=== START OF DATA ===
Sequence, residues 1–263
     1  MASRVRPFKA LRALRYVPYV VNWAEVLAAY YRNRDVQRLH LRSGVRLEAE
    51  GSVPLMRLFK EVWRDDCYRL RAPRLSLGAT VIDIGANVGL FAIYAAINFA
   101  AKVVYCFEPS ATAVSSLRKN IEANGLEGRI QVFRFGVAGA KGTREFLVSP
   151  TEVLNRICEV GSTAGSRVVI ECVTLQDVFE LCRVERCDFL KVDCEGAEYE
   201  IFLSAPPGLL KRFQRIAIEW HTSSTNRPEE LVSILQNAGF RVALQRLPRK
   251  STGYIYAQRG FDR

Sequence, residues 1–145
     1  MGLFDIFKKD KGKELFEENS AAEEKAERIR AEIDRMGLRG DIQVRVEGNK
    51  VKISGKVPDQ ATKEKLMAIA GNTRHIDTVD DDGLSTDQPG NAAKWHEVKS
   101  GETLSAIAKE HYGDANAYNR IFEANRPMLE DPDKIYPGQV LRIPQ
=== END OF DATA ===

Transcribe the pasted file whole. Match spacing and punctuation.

Sequence, residues 1–263
     1  MASRVRPFKA LRALRYVPYV VNWAEVLAAY YRNRDVQRLH LRSGVRLEAE
    51  GSVPLMRLFK EVWRDDCYRL RAPRLSLGAT VIDIGANVGL FAIYAAINFA
   101  AKVVYCFEPS ATAVSSLRKN IEANGLEGRI QVFRFGVAGA KGTREFLVSP
   151  TEVLNRICEV GSTAGSRVVI ECVTLQDVFE LCRVERCDFL KVDCEGAEYE
   201  IFLSAPPGLL KRFQRIAIEW HTSSTNRPEE LVSILQNAGF RVALQRLPRK
   251  STGYIYAQRG FDR

Sequence, residues 1–145
     1  MGLFDIFKKD KGKELFEENS AAEEKAERIR AEIDRMGLRG DIQVRVEGNK
    51  VKISGKVPDQ ATKEKLMAIA GNTRHIDTVD DDGLSTDQPG NAAKWHEVKS
   101  GETLSAIAKE HYGDANAYNR IFEANRPMLE DPDKIYPGQV LRIPQ